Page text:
Slipping On Oil And Gas
Why India’s Oil PSUs Will Be Losers
Rajya Sabha MP Mani Shankar Aiyar recalls how tough it was to get the late Subir Raha, who was ONGC chairman when Aiyar was petroleum minister from 2004-06, to accept that Reliance Industries’ drilling performance, particularly offshore, was far superior to ONGC’s. Also, he wouldn’t admit to any deficiency that, as a PSU, ONGC needed to plug to improve India’s self-reliance in hydrocarbons. “He was adamant this wasn’t the right way of looking at ONGC’s performance and entered a huge bureaucratic battle on its targets,” says Aiyar.
The government would have everyone believe that the public sector ONGC and Oil India Ltd (OIL)—and not Reliance Industries—will be the major gainers from its controversial decision to double the price of natural gas from April 2014. The idea is that a higher gas price will encourage exploration and reduce the fuel shortfall. It contends that, though the private sector will benefit, the two PSU explorers will also gain as much as Rs 8,000 crore in revenue. But experts Outlook spoke to disagree.
The reality, they say, is different. The heavy subsidy burden they help the government meet leaves the two PSUs struggling to get a cost-plus price for their produce. Both profits and production figures are slipping (see graphic). Over a decade, ONGC’s oil production has dipped from 26 million tonnes in 2004-05 to 23.7 million tonnes. Gas production has only risen marginally. oil, much smaller that ONGC, has seen oil production rise to 3.8 million tonnes and gas to 2.6 billion cubic metres.
“Ultimately, it’s the nation which is the loser, as the ONGC, one of the best companies and a big employer, is being damaged,” says a former top bureaucrat. Earlier this month, both PSUs had approached the petroleum ministry to seek a review of the non-transparent subsidy policy, which ensures that much of their revenues go towards paying for the under-recoveries of oil marketing companies that supply subsidised diesel, kerosene and cooking gas. Such opacity has seen the worth of the ONGC and OIL (both are listed) considerably eroded. “They are blue-chip companies, but their shares are getting impacted,” says S.P. Tulsian, an investment advisor. He adds that the net realisation value of ONGC, in particular, is constantly falling in dollar terms, though in rupee terms they remain constant.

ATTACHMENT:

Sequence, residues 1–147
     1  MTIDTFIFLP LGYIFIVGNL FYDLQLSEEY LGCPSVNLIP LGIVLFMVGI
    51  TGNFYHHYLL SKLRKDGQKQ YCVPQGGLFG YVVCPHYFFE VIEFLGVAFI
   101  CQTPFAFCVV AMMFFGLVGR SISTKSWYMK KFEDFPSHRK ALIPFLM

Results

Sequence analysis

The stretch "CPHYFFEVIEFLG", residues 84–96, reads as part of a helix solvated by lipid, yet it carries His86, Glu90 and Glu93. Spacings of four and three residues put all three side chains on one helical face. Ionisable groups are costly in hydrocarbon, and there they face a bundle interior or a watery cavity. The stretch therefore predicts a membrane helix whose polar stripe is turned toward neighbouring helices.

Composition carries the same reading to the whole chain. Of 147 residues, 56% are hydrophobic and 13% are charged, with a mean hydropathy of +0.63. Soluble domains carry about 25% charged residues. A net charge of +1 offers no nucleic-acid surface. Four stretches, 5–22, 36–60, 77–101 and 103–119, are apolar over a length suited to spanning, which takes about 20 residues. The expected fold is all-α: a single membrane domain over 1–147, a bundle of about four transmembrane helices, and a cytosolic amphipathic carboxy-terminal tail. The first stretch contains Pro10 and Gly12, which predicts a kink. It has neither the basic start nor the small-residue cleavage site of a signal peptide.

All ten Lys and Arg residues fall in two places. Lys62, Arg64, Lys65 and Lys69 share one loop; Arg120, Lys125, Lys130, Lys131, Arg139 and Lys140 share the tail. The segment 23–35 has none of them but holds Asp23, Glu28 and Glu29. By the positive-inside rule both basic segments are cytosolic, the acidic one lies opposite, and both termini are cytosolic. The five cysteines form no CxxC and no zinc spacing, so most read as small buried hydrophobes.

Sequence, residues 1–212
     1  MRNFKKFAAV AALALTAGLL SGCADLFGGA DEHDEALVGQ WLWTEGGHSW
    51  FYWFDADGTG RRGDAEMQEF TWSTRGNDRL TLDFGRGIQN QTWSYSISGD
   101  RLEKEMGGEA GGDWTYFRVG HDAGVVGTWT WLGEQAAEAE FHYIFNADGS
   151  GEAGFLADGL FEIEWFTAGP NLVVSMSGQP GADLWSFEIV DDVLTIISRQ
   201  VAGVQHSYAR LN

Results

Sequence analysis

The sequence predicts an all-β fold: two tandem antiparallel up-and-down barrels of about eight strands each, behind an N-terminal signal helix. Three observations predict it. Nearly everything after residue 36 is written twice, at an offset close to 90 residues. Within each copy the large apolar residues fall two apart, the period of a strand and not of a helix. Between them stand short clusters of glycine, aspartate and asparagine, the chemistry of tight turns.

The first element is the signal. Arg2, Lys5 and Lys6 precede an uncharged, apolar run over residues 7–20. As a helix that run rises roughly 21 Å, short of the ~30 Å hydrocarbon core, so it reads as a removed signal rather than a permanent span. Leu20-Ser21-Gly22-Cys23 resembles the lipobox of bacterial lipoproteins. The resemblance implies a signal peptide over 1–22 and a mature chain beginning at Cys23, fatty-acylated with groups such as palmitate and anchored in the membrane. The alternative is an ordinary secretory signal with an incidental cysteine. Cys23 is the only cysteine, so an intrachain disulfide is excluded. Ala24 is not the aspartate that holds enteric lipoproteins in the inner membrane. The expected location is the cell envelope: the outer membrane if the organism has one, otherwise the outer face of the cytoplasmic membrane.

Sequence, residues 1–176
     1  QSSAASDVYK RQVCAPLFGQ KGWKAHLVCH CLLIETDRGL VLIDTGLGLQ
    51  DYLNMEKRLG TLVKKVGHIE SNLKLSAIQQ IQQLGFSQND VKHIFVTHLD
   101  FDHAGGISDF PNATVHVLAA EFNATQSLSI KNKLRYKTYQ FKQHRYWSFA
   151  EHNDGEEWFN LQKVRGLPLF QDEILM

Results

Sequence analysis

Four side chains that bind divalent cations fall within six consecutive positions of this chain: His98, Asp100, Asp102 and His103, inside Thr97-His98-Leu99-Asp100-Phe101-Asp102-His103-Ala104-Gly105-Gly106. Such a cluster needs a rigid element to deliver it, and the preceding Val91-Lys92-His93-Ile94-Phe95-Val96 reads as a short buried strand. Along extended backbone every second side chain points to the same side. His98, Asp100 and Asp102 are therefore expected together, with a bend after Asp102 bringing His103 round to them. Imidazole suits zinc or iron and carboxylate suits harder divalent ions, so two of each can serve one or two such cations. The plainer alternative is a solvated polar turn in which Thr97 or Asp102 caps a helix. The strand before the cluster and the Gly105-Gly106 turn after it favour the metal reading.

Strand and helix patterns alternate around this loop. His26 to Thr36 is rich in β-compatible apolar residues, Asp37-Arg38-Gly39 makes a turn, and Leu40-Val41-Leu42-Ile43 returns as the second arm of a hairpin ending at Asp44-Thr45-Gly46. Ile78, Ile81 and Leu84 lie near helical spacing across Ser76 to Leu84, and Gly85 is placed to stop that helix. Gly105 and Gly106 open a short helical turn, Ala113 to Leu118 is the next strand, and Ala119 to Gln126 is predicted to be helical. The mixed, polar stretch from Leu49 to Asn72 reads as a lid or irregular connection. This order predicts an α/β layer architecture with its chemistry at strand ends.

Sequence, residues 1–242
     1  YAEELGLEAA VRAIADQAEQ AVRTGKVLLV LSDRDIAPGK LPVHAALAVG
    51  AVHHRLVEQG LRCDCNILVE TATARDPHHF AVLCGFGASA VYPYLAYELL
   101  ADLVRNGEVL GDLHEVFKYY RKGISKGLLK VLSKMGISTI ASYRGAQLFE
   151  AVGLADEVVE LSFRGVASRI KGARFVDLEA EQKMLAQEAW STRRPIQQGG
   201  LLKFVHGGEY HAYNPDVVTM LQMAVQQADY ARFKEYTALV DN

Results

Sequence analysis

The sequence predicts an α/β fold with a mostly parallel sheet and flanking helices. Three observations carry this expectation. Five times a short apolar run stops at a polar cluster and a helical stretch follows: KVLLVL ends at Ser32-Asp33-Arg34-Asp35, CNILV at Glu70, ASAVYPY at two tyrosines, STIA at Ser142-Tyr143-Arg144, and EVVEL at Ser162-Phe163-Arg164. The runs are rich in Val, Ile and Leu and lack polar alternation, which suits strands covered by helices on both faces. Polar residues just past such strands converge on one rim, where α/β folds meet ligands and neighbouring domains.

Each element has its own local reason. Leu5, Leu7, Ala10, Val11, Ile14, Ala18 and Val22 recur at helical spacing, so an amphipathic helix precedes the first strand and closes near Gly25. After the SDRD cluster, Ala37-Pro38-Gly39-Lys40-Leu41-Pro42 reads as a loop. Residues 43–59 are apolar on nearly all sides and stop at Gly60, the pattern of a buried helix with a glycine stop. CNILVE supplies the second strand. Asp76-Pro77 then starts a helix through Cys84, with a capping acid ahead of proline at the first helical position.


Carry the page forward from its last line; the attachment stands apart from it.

Planning Commission member B.K. Chaturvedi agrees that the heavy subsidy outgo poses a problem for the PSUs, especially with the cost of exploration going up. On possible gains from the gas price hike, he says there are too many loose ends. “We don’t know what the increase in cost of fertiliser will be. We don’t know how the oil prices will behave. If oil prices come down, the subsidy burden will be less, but if it goes up, we will definitely have a huge subsidy bill, Given the investment requirements, it does create problems,” he says.
Whether it was because of pressure, malpractice or lack of planning, ONGC came through poorly in the cag’s performance audit last year. This year too, it has been questioned on imprudent hiring of a rig—which wasn’t used—from Reliance. “There are management issues, besides the ONGC and OIL being treated like cash cows. They need to get into the field to find more reserves and monetise them—which they are working on,” says Santanu Saikia, editor of Indiapetro.com.
While private firms were brought in to improve investment and technology flow to boost production, somewhere the need for technology transfer to strengthen the PSUs was forgotten. Rao cites the case of private sector consultancies for oil fields in Panna-Mukta- Tapti, Ravva and Kharsang, where technology transfer to ONGC and OIL was a must. “This has never been enforced. No review, including that by CAG, has highlighted this lacuna,” says Rao.